But we're so busy working, we don't have the time to find the person we want to move on with. So we turn to the labor-saving devices on the market, designed to lead us to Mr. Right in the small amount of time we have allocated to the task. A perfect example of this is online dating. Online dating seems convenient because you can do it surreptitiously from your desk, during meetings at work, or with flirtatious, drunken abandon when you get home in the early hours of Saturday morning. That's pretty much where the convenience ends, though, because no matter how good the profile and nice the picture, you need to know more about him before deciding if he's worth meeting. So, you chat back and forth via email, maybe send a text message or two, then you're ready to talk on the phone. The first physical contact (i.e., ear-to-ear) is crunch-time since you can generally tell from his voice and conversation if you want to meet him or not. Unfortunately, it's generally "not" but by this point you're involved with him and finding a reason to end that involvement—even though you don't know him—is cringingly hard (tip: keep a fictitious "unresolved ex" up your sleeve for these occasions). Hope turns to guilt as you become locked into a continuous and exhausting process of assessing candidates, like interviewing people for a job you know they'll never get. And in the meantime, that's another two hours a day spent in front of your computer. Something has to change. Enough of these relationship patches, which, like nicotine patches, stave off the need without satisfying any of the desire. I wanted a fantastic, glorious, wonderful relationship. Otherwise, what's the point?
But for this to happen, I knew I needed to make a better job of meeting Mr. Right. I felt I'd tried everything in London. Maybe it was time for a more radical and far-reaching solution?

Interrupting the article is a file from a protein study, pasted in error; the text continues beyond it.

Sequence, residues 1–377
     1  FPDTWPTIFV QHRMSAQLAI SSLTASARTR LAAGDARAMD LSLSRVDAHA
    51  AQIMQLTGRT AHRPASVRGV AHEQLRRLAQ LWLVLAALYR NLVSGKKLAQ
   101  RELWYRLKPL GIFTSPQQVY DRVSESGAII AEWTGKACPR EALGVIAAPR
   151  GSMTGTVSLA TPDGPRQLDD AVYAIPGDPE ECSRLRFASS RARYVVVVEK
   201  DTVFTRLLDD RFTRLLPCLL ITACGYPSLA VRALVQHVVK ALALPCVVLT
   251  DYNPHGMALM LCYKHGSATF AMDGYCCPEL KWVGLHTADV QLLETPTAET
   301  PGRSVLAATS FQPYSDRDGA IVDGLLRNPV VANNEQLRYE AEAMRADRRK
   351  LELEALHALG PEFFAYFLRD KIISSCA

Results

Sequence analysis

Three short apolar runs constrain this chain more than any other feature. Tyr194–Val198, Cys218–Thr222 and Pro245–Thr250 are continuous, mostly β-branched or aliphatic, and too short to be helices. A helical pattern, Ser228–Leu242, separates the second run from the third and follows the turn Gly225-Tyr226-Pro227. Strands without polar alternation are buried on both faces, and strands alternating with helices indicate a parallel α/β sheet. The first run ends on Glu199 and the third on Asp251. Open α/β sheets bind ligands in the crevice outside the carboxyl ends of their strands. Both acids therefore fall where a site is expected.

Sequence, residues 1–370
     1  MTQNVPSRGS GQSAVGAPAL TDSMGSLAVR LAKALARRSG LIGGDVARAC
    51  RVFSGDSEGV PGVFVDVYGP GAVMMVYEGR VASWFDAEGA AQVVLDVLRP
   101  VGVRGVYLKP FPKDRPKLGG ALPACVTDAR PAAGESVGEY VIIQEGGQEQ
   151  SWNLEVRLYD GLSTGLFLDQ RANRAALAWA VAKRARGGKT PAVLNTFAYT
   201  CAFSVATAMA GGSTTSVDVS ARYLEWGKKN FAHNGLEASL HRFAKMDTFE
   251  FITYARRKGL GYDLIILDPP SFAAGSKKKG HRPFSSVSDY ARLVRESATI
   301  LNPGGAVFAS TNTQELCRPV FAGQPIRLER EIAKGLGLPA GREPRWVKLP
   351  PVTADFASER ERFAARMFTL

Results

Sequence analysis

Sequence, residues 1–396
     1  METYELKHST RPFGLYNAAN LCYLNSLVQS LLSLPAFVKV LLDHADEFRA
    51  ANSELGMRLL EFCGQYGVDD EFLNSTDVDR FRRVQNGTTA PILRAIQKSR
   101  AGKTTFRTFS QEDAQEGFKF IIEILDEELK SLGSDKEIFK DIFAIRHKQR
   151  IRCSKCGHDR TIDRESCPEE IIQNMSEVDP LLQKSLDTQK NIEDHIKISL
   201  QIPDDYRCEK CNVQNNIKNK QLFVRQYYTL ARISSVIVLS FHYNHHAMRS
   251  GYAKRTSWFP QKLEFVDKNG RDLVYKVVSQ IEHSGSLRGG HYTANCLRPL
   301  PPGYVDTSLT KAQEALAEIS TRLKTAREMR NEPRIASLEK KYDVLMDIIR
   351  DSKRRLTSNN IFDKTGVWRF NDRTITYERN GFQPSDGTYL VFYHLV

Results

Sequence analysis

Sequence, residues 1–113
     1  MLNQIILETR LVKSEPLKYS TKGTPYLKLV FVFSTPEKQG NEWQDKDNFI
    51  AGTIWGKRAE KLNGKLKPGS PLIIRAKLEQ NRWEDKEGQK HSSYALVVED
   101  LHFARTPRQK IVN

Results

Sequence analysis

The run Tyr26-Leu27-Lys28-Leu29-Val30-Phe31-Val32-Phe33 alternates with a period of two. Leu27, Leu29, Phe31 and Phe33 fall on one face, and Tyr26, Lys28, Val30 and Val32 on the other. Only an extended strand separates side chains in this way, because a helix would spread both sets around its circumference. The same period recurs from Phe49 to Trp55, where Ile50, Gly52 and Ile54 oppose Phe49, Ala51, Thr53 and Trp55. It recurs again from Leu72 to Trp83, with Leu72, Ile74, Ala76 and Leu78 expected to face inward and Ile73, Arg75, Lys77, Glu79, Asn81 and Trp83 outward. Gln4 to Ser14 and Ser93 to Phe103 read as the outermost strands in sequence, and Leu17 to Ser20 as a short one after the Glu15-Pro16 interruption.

Rather than traveling to recover from Mr. Wrong, what if I went traveling to find Mr. Right? I mean, I was sure Fate had him out there waiting for me, so why was I wasting time in London moaning when I could be out in the world searching? I'd put my heart and soul into my job; maybe it was time I put the same amount of effort into my love life.
So, after some soul-searching, I quit my job at Lonely Planet. I had a new job now: finding my Soul Mate.
The business and management skills I'd developed over the years would most likely come in handy. Making programs for the BBC had honed my research and interviewing skills. Setting up and running Lonely Planet's European publicity and promotional operations meant devising campaigns while jumping on and off planes to oversee launches and train staff, plus doing a ton of interviews and public speaking stints. Like anybody with a big, fat job, to do this well I'd had to be able to network, research, talk people into doing things they weren't that keen on, time-manage, meet deadlines, budget, and plan.
So, traveling would be the answer to London's dearth of suitable men, and my professional skills would hopefully lead me to possible candidates, eliminating the unsuitable, undesirable, and unstable from among them. But where should I start looking? I couldn't just get off a plane in another country shouting, "Soul Mate, I'm here. Come and get me." I was confident Fate had a number of them out there for me to meet (as I've already said, I believe we have more than one), but where, and who could they be?